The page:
A third, ambitious option might be for WTO members to launch a “Sustainable Investment Facilitation Understanding” focusing entirely on ways to encourage the flow of sustainable FDI to developing countries, inspired by and complementing the TFA, to be undertaken after the completion of the Doha Round. Work could equally begin in another international organisation with experience in international investment matters, for example in UNCTAD, the OECD, or the World Bank. A group of leading outward FDI countries could also launch such an initiative, for example, through the G20. The objectives of a support programme for sustainable investment facilitation can also be reached if its elements were to be incorporated in international investment agreements. Some of these agreements contain commitments by treaty partners to consult on the promotion of investment flows between them. But few contain binding commitments. Such approaches, while helpful, are nevertheless necessarily more piece-meal.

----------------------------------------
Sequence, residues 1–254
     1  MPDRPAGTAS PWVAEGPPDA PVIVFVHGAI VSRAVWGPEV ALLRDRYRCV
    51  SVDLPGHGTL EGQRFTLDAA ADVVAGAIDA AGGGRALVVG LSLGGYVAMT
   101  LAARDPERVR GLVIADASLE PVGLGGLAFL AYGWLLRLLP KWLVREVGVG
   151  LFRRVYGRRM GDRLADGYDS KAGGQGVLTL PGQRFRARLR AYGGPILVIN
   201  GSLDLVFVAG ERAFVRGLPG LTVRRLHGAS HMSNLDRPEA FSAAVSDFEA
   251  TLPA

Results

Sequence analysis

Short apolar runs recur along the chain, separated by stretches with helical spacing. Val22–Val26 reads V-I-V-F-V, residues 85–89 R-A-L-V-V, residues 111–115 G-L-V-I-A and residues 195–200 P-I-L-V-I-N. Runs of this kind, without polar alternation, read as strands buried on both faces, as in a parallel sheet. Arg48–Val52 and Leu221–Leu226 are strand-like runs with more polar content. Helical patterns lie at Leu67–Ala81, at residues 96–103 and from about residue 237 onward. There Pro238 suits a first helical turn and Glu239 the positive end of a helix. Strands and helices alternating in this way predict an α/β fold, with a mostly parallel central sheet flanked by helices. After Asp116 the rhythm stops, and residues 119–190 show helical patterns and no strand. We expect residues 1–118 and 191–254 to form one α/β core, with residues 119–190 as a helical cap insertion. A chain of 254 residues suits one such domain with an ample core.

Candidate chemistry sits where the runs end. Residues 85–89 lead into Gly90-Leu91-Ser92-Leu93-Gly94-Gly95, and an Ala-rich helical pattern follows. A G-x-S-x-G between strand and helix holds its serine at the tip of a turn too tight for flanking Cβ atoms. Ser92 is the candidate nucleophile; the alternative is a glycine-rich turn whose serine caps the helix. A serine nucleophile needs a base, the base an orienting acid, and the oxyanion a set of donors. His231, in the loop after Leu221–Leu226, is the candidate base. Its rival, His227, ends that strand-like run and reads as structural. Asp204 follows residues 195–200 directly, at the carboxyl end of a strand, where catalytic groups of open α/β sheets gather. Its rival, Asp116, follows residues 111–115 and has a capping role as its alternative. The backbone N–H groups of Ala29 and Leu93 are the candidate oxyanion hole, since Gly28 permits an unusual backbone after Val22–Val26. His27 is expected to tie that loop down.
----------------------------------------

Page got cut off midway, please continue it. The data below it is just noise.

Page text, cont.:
Meeting the future

The issues mentioned for possible inclusion in an international support programme for sustainable investment facilitation, as well as the options outlined on how such a programme could be put in place, are illustrative and all need to be seen against the background of the importance of economic FDI determinants. If these determinants are unfavourable, and investments are not commercially viable, even the best support programme is likely to have negligible effect. Concomitant productive capacity building is therefore critical.  The key premise is the urgency of creating more favourable conditions for sustainable FDI flows to meet the investment needs of the future. As governments and the private sector increasingly share this view they will hopefully muster the political will and find the appropriate venue to put an international support programme for sustainable investment facilitation in place.